Happy to 102 is written by a highly qualified team specializing in geriatrics, senior care and psychology. While it’s a perfect gift for the centenarians in your life, its added benefit is the wake-up call to all of us, both about caring for seniors and becoming the best senior we can be.
As each generation lives longer, the quality of those extra years requires good health. Without it, we lose our ability to care for ourselves and, thus, our independence.
The authors pose an interesting question in Happy to 102.
At age 70, if you knew you would live to 102, what would you do differently?
Believe me, if I knew age 70 still left me with 30 percent more life to live, I would do as the authors state: concentrate on personal health and safety.
This book offers the opportunity for a frank discussion about the dichotomy between the value seniors place on their savings, as compared to the value they place on themselves. Perhaps people now in their senior years have been too focused on living frugally in order to leave a legacy to their children. While most parents want the best for their children, we need to do the same for our parents. When it comes to senior care, a family’s decision to find the least expensive care is the opposite of what our parents did for us all their lives; they gave us the best care, education, housing and opportunities for a rich life.
The concept of a structure to plan for care of seniors wasn’t necessary a generation ago, when friends and family were nearby, with vibrant communities, public transportation, and shops. Yet, aging isn’t the only determinant of our need for a society that is willing to support its people. There are similar needs for households with two working parents, or a single parent who needs our help.
So the authors advise: “Independent living does not necessarily mean doing everything yourself: It means being in control of how and when things are done. From birth to old age, we live and thrive in interdependent communities; there is no justifiable reason for modifying our lifestyle drastically just because we require some personal assistance in our later years. Make a Declaration of Interdependence for yourself and for the seniors in your life."
From these highly qualified authors the adage: "You are what you eat" converts to a startling realization about the relationship of food to aging. They cover a holistic lifestyle program based on the well-known Okinawa diet that keeps centenarians in Japan thriving. Their supportive tips include a list of seven key super foods, and you’ll be pleased to see that chocolate makes the list… after the other helpful foods, such as salmon, nuts, carrots, flaxseed and blueberries. Did you know that eggs contain almost all of the vitamins, except Vitamin C, that the human body requires for health? Full information on the authors' health regime is in Chapter 11, covering the Balanced Care Method of healthy aging.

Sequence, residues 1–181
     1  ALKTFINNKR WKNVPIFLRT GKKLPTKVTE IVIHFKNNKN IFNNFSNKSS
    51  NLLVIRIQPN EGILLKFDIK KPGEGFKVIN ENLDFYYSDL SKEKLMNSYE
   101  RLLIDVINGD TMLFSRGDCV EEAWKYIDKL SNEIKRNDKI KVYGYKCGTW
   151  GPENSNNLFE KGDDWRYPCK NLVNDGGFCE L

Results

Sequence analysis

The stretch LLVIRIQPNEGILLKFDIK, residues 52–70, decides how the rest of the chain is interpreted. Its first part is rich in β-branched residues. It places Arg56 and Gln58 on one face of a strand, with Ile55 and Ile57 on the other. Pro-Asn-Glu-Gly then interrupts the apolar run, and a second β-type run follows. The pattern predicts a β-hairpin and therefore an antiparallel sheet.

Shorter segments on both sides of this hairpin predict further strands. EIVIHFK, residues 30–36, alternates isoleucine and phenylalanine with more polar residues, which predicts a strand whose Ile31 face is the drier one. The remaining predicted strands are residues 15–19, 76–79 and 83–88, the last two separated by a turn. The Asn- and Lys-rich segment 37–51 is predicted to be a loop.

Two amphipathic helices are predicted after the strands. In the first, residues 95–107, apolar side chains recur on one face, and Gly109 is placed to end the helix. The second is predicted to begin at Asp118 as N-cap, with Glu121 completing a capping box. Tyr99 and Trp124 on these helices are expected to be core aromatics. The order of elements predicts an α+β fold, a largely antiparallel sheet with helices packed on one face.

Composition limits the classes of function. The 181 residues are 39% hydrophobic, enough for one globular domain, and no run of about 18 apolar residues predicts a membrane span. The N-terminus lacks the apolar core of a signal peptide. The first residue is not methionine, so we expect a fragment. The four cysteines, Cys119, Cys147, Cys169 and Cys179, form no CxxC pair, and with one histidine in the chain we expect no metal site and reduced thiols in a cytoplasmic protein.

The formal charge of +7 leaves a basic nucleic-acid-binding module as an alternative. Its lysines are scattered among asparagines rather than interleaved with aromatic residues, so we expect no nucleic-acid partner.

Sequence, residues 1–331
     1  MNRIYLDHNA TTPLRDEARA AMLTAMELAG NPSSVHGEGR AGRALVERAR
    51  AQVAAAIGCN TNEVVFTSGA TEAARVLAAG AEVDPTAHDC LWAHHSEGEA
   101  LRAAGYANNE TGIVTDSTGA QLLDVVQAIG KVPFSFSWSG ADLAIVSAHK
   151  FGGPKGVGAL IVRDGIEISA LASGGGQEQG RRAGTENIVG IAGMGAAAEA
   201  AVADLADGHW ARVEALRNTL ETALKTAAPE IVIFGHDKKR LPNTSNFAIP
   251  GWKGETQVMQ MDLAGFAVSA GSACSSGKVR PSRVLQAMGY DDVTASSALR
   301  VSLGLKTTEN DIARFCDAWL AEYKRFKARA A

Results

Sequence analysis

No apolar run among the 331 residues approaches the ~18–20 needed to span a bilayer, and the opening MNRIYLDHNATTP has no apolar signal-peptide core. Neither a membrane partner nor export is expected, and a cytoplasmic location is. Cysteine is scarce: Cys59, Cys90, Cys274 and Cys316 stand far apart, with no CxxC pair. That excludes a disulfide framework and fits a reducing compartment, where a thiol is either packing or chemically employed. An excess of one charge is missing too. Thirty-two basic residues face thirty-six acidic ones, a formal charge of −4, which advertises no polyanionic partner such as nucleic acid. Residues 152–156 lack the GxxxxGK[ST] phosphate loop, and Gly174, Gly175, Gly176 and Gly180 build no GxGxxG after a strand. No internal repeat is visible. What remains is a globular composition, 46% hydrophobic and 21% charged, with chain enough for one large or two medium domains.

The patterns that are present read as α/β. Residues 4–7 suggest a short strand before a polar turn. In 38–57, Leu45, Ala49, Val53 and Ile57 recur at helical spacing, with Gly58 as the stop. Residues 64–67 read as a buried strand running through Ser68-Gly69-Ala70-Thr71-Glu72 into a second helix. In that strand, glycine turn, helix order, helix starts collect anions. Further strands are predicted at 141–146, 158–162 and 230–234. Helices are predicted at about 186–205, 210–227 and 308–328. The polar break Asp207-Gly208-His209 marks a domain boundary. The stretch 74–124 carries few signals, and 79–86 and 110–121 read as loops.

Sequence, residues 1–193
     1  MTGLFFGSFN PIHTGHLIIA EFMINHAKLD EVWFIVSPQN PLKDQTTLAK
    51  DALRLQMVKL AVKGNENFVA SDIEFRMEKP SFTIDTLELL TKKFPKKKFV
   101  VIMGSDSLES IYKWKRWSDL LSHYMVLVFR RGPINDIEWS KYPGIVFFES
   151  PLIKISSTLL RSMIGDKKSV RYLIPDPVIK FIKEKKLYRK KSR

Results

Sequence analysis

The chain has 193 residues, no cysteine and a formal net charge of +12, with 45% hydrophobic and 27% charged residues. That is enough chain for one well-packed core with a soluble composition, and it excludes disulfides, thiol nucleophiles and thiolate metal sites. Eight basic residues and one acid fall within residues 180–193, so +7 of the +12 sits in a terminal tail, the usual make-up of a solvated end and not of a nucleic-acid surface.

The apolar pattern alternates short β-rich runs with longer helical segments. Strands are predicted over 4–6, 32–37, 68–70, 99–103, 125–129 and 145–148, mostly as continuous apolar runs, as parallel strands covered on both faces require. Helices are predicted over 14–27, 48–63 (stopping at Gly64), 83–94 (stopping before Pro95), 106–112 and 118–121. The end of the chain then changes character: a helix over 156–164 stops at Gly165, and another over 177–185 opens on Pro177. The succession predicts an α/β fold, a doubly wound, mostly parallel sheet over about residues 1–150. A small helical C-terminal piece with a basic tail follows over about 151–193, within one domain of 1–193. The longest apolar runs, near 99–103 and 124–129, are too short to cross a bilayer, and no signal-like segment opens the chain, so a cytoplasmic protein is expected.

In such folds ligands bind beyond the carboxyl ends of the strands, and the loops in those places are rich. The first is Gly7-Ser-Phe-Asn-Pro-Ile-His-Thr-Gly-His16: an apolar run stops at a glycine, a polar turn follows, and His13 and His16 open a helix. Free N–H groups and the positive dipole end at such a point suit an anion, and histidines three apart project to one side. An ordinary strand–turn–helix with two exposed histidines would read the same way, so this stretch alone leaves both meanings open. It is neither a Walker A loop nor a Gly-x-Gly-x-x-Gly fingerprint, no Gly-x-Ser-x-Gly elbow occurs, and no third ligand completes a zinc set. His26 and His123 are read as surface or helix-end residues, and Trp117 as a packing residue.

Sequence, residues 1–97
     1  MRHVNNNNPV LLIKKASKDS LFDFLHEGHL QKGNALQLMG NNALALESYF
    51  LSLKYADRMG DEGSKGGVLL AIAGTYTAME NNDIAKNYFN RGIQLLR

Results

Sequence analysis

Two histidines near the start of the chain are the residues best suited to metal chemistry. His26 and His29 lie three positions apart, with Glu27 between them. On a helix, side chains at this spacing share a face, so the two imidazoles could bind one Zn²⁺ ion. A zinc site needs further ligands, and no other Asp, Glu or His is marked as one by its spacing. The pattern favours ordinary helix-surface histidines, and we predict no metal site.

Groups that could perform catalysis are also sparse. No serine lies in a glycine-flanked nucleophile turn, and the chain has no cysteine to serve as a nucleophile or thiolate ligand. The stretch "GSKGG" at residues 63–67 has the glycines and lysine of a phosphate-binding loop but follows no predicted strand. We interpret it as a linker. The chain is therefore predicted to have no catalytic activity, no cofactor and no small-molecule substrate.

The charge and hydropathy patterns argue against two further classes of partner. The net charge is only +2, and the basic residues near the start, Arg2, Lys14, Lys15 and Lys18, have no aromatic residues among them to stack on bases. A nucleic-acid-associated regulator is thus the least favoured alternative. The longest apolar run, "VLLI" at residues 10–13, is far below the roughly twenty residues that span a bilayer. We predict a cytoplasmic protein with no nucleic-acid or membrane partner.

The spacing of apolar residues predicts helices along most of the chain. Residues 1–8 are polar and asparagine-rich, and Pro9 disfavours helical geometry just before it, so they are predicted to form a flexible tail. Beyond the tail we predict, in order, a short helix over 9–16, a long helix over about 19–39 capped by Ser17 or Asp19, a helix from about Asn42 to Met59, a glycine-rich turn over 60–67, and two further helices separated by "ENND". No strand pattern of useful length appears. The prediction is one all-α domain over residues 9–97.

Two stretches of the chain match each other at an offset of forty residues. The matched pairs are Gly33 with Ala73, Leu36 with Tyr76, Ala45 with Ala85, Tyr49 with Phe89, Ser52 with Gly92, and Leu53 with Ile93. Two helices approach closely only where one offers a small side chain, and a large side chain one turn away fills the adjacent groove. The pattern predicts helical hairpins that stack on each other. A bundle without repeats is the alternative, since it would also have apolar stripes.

Chapter Seven is a reminder for all of us to get moving. Staying active and making exercise a lifelong habit is essential to maintain bone density, flexibility and balance. Exercise also eases stress, helps avoid depression, and provides an improved quality of life.
Authors Johnson, Johnson and Sarafan stress it is time for a new way of thinking. With our longer life spans, we have to think beyond thrift and low-cost senior warehousing, to a long life with sustained productivity and enjoyment.
“The senior years should not be an excuse for anything, let alone about abandoning life.” … “In fact, the more natural course of life is to preserve our independence at any age.”
Happy to 102 includes helpful sections on how to know when a senior needs help. The book ends with a useful list of “102 Ways to Live Happy to 102.” Most are actually things we should do now, at any age. The book is published by homecareassistance.com in Palo Alto, CA.